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Achalasia

Use this section to learn about achalasia and:

What is Achalasia?

Achalasia is a disease of the myenteric plexus (the nerves around the esophagus) that affects the function of the esophageal body and the lower esophageal sphincter (the valve between the esophagus and stomach).

Achalasia is characterized by failure of the esophageal body peristalsis (the motion of the esophagus that pushes food toward the stomach) and by failure of relaxation of the lower esophageal sphincter (the valve between the esophagus and the stomach does not relax or open up).

When the esophagus cannot function well to push the food toward the stomach and the lower esophageal sphincter cannot relax or open, the food cannot pass form the esophagus to the stomach. Learn about the symptoms.

Who Suffers from Achalasia?

Achalasia is present in one to three per 100,000 persons in the Western world and most commonly affects individuals between the ages of 20 and 40 years.

What Happens if Achalasia is Untreated?

If left untreated, persistent achalasia may cause the esophagus to become dilated (enlarged) and eventually stop functioning. Patients with untreated achalasia have higher chances of developing esophageal cancer (squamous cell carcinoma).

How is Vigorous Achalasia Different?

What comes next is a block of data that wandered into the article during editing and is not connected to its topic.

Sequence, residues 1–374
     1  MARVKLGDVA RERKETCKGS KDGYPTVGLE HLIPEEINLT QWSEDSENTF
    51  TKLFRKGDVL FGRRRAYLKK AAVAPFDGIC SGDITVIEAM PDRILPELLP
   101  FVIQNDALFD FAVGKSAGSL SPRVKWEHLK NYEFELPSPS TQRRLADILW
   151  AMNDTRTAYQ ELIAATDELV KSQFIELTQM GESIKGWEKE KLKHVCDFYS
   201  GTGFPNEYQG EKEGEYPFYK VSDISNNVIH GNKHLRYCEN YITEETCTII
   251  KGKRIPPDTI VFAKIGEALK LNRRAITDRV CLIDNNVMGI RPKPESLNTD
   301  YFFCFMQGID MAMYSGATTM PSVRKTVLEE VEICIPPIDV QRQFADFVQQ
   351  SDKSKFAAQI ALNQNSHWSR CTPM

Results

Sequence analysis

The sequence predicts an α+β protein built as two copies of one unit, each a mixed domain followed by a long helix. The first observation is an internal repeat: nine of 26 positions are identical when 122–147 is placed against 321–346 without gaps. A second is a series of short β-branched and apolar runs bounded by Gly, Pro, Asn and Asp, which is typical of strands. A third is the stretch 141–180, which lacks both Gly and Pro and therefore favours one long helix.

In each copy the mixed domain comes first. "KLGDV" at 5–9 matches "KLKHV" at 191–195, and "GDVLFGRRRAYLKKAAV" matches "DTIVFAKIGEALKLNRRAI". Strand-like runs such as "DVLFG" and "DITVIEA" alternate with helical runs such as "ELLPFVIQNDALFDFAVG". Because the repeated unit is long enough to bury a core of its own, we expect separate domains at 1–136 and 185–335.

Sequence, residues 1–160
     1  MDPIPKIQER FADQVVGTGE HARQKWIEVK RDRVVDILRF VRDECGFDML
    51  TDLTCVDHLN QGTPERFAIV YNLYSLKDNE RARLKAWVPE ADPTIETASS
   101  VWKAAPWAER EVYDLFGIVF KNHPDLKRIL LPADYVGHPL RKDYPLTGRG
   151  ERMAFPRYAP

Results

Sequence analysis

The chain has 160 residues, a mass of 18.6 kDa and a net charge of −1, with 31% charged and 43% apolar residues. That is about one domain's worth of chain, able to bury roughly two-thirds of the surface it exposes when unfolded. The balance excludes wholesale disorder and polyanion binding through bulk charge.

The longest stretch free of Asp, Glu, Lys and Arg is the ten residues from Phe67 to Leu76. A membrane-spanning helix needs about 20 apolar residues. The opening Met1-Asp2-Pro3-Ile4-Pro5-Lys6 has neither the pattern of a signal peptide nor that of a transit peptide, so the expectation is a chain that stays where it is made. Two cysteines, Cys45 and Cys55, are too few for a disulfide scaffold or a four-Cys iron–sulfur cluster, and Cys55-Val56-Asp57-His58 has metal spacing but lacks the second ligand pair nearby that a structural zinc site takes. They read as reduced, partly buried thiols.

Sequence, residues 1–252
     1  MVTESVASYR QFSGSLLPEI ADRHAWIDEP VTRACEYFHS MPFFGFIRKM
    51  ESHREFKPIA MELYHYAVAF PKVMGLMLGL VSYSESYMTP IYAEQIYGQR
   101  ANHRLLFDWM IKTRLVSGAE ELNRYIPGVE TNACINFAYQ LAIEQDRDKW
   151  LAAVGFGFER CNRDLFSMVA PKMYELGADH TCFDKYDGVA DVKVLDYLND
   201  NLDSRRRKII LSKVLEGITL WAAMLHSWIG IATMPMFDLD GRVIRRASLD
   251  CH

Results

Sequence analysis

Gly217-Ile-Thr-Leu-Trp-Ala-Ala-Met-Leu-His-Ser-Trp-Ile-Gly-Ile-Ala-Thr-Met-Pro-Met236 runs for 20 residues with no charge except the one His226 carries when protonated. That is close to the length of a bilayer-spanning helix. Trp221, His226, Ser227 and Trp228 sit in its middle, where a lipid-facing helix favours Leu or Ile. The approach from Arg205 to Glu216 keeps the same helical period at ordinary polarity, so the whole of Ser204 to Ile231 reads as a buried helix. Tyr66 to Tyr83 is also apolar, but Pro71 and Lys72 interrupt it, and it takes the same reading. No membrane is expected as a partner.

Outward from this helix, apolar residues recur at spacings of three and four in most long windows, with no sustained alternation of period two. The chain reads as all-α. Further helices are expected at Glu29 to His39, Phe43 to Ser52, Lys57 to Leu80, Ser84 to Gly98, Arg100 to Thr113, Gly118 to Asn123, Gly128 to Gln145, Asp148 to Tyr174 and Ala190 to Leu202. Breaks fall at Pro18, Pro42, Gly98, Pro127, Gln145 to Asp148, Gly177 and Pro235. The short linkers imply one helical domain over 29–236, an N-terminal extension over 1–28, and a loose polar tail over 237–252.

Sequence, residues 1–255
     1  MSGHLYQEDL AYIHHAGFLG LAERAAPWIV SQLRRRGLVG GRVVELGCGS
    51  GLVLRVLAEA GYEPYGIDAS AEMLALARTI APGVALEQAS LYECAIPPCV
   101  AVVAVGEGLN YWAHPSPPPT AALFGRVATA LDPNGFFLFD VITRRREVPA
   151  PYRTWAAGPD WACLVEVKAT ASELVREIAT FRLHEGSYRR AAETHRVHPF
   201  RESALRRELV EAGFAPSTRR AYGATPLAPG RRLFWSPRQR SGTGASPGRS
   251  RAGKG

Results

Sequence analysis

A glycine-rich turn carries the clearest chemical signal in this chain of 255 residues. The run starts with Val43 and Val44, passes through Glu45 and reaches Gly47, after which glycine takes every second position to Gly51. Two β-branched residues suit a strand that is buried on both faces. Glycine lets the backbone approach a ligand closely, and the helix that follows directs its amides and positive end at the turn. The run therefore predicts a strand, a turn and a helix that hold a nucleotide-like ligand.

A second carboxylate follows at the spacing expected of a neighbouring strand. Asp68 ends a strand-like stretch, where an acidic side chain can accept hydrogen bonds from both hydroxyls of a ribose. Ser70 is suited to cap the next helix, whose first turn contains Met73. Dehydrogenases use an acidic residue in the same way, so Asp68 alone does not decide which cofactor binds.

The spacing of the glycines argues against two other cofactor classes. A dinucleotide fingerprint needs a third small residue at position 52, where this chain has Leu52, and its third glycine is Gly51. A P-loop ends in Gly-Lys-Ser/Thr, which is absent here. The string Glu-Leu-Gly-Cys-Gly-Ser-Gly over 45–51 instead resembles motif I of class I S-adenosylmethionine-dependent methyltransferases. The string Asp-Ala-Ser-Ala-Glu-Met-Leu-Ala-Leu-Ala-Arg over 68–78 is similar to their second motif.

In patients with vigorous achalasia, the esophageal contractions have very high pressure. These patients have simultaneous esophageal contractions (they all happen at the same time). Plus, the lower esophageal sphincter does not open.

Patients with vigorous achalasia have similar symptoms to patients with achalasia. In addition, they may have severe chest pain due to the elevated pressure in the esophageal body. The evaluation and treatment of these patients is the same as patients with achalasia.

By Farzaneh Banki, M.D.

References

1. Lyass S, Thoman D, Steiner JP, et al. Current status of an antirefluxprocedure in laparoscopic Heller myotomy. Surg Endosc. 2003;17:554 –558.
2. Richards WO, Torquati A, Holzman MD, et al. Heller myotomy versus Heller myotomy with Dor fundoplication for achalasia: a prospective randomized double-blind clinical trial. Ann Surg. 2004;240:405– 412; discussion 412–415.
3. Zaninotto G, Annese V, Costantini M, et al. Randomized controlled trial of botulinum toxin versus laparoscopic Heller myotomy for esophageal achalasia. Ann Surg. 2004;239: 364 –370. 4. Ruffato A, Mattioli S, Lugaresi ML, et al. Long-term results after Heller-Dor operation for oesophageal achalasia. Eur J Cardiothorac Surg. 2006;29: 914–919.
5. Guilherme M. Campos, MD, PhD, Eric Vittinghoff, PhD, Charlotte Rabl, MD, Mark Takata, MD, Michael Gadenstatter, MD, Feng Lin, MS, and Ruxandra Ciovica, MD, Endoscopic and Surgical Treatments for Achalasia, A Systematic Review and Meta-Analysis. Ann Surg, Volume 249, Number 1, January 2009:45-57